Skip Maine state header navigation

Agencies | Online Services | Help

Skip First Level Navigation | Skip All Navigation

MEMA Home > Programs> Communication> News > Question of the Day: Hurricane Rainfall

Question of the Day: Hurricane Rainfall

Hurricane Andrew - 1992 (Image courtesy National Hurricane Center)

 

July 10, 2008

 

Do the strongest hurricanes produce the greatest rainfall amounts?

The most important factor in determining the rainfall from a hurricane or tropical storm is the forward speed of the storm. A slow moving or stalled tropical storm can produce considerably more rainfall in a given area than a fast moving intense hurricane.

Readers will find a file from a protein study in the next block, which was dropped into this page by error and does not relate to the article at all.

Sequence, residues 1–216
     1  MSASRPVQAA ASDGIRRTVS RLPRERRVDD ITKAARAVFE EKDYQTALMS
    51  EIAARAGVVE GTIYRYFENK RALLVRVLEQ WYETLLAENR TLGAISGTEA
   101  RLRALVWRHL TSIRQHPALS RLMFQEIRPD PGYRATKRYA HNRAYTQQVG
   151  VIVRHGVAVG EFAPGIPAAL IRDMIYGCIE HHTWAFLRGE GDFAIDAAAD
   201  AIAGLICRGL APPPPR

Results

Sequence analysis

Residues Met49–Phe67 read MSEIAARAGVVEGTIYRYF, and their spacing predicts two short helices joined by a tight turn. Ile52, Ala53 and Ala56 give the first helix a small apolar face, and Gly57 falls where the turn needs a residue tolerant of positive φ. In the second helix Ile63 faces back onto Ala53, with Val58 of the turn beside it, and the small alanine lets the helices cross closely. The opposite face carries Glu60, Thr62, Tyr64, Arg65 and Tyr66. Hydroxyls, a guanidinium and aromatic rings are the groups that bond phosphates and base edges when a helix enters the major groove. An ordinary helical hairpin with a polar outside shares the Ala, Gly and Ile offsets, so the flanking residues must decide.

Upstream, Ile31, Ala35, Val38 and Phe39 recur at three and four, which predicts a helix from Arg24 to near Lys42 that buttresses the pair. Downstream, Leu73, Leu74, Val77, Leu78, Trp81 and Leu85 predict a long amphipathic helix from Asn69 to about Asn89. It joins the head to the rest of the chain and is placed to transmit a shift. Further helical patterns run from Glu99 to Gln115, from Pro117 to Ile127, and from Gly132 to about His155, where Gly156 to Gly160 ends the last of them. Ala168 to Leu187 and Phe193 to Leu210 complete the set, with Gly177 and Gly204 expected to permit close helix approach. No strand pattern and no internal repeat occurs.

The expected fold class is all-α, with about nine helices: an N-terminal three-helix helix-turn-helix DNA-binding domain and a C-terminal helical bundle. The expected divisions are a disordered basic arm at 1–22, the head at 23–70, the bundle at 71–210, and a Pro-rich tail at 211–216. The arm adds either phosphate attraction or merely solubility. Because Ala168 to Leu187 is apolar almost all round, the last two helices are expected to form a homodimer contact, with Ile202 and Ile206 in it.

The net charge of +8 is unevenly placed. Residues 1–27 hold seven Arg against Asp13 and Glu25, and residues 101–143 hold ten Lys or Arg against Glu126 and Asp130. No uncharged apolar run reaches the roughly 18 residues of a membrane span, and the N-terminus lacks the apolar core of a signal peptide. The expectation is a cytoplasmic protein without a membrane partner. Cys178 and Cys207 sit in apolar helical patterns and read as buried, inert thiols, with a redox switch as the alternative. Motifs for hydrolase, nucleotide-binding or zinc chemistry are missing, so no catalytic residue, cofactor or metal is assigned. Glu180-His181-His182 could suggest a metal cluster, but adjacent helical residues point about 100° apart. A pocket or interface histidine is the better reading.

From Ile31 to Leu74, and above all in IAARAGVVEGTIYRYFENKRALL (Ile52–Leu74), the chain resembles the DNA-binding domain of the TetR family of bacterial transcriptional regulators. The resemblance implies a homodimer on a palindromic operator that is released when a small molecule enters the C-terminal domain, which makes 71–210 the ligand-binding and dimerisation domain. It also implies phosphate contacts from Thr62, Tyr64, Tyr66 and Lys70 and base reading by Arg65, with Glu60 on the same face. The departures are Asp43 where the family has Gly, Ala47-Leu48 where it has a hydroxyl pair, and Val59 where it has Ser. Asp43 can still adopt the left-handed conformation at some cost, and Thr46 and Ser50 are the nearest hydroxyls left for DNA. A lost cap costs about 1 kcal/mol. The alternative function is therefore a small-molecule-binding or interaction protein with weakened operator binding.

Hurricane Andrew produced rainfall amounts of between 7 and 8 inches across the south Florida peninsula as it ravaged the area with strong winds during August 1992. In comparison, Tropical Storm Alberto dumped more than 27 inches of rain in Americus, Georgia (21 inches in 24 hours) when it struck during July of 1994. In 1979, Tropical Storm Claudette brought 45 inches of rain to an area near Alvin, Texas.

To get a very rough estimate of the rainfall potential from a particular storm, divide 100 by the forward movement of the storm. However, since rainfall varies considerably depending on your location with respect to the path of the storm and other weather features, check your local forecast to get a more accurate estimate.

 

 

Last update: 07/20/10